FASEA CEO Stephen Glenfield

Financial Adviser Standards and Ethics Authority chief executive Stephen Glenfield gave his first public address to explain the proposals in FASEA’s standards summary, released last week, and emphasised that the authority was open to changing the proposed rules.

Speaking at the Financial Planning Association 2018 Professionals Congress in Sydney this morning, Glenfield – who took over from interim chief executive Mark Brimble in September – said coming to the final framework was a matter of determining what felt right and then working with the community to fine-tune the proposals.

“We form a view on what we think is right and then we put that out to stakeholders,” Glenfield explained. “We then listen to what’s coming back so that we can nuance it in a way that will hopefully work for industry but doesn’t pull back from what we’re there to achieve.”

After briefing the full house of FPA members on the proposals for 15 minutes, Glenfield sat for a 20-minute Q and A session with FPA chief executive Dante De Gori, who asked how much change Glenfield thought “realistically will be made to those legislative instruments”.

“I’m open-minded on it,” Glenfield replied. “I’m open to what will come back. I’ve said I’m listening and we are listening.”

FASEA will keep the consultation lines open on the legislative instruments for between two and four weeks, “depending on the standard and the complexity of the issues”. The education pathways standard, for example, will be open to submissions for three weeks from the November 19 release date.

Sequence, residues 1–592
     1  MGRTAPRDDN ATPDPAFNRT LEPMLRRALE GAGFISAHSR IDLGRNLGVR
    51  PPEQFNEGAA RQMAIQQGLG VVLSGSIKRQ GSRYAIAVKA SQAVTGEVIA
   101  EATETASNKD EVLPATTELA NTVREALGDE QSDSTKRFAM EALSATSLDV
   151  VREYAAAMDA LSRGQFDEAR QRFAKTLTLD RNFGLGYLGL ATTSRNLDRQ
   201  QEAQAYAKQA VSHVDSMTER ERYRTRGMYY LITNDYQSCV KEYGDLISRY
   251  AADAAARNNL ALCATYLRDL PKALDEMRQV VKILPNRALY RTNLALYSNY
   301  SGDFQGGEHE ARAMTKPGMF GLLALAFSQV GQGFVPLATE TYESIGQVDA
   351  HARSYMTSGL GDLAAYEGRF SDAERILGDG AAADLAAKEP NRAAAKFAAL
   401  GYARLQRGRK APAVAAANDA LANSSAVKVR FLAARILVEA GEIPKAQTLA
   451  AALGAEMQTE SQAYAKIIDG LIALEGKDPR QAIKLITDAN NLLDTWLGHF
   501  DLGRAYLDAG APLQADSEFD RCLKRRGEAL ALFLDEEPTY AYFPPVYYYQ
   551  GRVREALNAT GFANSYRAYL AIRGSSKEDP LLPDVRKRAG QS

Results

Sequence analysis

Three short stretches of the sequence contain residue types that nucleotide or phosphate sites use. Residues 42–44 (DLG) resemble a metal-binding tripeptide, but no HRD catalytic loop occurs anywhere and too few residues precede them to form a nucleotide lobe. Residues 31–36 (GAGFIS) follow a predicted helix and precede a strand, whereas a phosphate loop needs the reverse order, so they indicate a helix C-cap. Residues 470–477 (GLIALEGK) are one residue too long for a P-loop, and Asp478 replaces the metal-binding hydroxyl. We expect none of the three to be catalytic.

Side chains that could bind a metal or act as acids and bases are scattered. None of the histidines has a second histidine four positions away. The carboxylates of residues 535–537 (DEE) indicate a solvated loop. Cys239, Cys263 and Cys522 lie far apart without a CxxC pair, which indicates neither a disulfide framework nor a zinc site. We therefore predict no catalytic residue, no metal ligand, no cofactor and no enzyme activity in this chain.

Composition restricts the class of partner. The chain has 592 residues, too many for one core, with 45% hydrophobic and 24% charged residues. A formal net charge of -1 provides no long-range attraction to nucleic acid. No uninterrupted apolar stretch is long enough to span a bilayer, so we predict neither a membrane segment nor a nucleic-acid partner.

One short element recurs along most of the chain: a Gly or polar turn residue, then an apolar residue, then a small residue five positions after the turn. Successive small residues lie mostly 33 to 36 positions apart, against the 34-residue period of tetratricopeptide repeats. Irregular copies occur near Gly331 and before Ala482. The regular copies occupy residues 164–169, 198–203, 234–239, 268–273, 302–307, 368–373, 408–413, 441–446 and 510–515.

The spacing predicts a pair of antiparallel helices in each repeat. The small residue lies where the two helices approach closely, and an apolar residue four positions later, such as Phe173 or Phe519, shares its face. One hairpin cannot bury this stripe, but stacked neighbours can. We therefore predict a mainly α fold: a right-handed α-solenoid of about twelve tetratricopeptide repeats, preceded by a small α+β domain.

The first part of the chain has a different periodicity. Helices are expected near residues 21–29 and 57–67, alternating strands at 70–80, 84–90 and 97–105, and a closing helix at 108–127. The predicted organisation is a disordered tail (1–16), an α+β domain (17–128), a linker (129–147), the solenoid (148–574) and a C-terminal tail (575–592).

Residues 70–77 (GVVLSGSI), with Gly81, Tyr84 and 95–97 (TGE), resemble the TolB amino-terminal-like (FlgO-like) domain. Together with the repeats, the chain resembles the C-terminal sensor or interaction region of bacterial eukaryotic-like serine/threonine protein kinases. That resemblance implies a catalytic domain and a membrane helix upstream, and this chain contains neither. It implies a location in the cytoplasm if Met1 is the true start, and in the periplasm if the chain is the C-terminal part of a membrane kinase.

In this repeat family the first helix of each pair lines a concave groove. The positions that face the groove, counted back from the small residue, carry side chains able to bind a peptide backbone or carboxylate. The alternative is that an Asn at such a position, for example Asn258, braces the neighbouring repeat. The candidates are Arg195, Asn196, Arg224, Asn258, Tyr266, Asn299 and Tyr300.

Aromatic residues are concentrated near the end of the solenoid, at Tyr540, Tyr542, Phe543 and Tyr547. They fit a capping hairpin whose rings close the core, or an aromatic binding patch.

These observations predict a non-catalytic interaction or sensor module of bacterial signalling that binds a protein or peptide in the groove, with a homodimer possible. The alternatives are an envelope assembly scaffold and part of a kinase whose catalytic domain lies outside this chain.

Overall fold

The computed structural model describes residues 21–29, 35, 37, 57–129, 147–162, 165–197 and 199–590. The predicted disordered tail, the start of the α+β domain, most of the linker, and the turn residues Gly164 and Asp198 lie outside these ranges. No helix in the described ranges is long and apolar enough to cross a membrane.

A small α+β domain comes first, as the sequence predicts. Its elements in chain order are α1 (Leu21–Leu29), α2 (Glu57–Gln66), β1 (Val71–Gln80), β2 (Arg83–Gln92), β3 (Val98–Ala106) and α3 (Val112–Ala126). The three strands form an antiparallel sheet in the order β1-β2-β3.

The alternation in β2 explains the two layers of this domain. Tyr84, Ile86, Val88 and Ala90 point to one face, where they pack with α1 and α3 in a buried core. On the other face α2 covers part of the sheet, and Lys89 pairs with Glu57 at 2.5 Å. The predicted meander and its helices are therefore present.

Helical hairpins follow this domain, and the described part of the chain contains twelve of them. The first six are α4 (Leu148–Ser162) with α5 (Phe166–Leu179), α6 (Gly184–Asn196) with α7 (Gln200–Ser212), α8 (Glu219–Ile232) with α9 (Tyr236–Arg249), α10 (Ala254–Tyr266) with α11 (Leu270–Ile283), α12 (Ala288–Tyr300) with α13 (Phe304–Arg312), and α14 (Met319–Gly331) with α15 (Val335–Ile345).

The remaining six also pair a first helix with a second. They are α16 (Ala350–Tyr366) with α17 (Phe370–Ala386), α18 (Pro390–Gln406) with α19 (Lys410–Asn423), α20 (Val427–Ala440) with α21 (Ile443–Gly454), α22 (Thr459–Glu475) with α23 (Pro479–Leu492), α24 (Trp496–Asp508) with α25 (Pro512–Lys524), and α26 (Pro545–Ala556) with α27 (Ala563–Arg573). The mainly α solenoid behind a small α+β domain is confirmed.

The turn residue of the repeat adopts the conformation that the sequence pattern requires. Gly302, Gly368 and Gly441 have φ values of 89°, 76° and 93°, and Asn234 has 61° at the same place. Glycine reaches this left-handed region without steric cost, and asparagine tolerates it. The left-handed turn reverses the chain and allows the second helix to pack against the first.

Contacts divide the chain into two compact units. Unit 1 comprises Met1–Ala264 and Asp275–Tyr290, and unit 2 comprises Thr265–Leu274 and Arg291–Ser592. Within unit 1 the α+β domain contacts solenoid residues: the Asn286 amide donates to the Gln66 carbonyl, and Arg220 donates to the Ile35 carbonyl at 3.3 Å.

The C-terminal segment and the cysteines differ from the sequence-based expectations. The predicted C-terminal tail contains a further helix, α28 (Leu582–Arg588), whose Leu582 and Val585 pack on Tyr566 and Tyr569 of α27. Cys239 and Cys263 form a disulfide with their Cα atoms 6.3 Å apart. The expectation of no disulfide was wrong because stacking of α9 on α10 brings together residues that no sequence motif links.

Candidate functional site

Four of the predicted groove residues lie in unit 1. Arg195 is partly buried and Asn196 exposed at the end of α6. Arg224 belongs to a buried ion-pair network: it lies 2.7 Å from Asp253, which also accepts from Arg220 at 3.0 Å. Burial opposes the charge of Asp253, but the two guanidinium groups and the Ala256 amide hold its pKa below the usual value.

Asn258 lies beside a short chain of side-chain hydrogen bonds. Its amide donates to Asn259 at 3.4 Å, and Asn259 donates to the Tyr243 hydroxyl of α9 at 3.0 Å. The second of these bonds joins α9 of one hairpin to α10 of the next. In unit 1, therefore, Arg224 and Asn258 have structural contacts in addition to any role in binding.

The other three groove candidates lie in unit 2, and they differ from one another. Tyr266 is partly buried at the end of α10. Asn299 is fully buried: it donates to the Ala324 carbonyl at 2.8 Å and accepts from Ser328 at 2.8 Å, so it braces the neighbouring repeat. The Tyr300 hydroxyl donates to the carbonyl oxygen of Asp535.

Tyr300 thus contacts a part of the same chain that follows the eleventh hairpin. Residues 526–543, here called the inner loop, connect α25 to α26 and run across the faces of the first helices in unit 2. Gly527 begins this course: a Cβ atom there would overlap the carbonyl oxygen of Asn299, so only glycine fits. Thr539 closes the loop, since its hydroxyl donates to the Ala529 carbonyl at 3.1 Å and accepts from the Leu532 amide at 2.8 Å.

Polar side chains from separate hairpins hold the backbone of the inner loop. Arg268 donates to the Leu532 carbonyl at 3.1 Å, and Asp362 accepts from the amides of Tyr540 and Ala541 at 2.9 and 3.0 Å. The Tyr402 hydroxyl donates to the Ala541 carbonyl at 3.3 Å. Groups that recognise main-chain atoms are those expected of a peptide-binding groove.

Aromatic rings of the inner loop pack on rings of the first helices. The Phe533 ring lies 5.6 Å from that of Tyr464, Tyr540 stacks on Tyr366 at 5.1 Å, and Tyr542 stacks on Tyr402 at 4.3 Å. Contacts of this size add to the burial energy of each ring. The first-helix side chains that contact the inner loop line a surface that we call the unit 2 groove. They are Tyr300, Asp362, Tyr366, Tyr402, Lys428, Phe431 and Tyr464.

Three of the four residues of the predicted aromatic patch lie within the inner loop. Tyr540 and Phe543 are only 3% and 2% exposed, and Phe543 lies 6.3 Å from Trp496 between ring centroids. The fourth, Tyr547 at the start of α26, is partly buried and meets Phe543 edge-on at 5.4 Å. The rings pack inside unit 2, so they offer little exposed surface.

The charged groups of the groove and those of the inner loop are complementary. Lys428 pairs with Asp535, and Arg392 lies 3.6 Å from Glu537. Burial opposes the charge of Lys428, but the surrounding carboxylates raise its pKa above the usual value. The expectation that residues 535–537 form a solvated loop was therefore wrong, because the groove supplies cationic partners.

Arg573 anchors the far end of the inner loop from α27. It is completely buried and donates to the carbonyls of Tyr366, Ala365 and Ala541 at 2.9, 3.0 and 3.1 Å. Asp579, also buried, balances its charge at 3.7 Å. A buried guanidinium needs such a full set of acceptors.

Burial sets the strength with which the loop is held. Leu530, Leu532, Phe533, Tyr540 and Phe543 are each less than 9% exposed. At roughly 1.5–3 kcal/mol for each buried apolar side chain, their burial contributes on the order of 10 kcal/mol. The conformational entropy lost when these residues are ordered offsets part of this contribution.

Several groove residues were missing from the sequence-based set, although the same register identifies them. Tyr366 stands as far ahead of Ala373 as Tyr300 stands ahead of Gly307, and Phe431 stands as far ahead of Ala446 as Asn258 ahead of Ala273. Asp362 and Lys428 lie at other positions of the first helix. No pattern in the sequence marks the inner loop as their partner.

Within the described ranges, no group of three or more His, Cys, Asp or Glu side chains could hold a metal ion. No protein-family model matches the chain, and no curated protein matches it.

Glenfield added that the aim was to have the final instruments made “before the end of the year”. Given the short turnaround required, there will be little time to waste.

“We will take those responses to consultation and distil them as they’re coming in. It’s not like we’re going back at the end of the period and then doing something, we’ll distil as they come in,” he explained.

‘Misinformed poets’

During his address, Glenfield acknowledged that the consultation process had been somewhat of a rocky road.

“We’ve worked hard to address and simplify this complex challenge, operating in an environment of divergent, sometimes passionate, and occasionally misinformed, poets of market discussion regarding our task.”

Despite there being “a lot of noise around FASEA”, Glenfield asserted that all of the feedback was welcome.

“I wish to reiterate that the standards authority acknowledges and appreciates the considered feedback received from a wide spectrum of the advice profession and industry, the education sector and, of course, consumer points of view,” he said. “Those voices have been heard and they continue to be heard. It has been a careful focus of FASEA to incorporate the breadth of this consultation into its final standards and we’ll continue to listen to consultation as we move towards final standards.”

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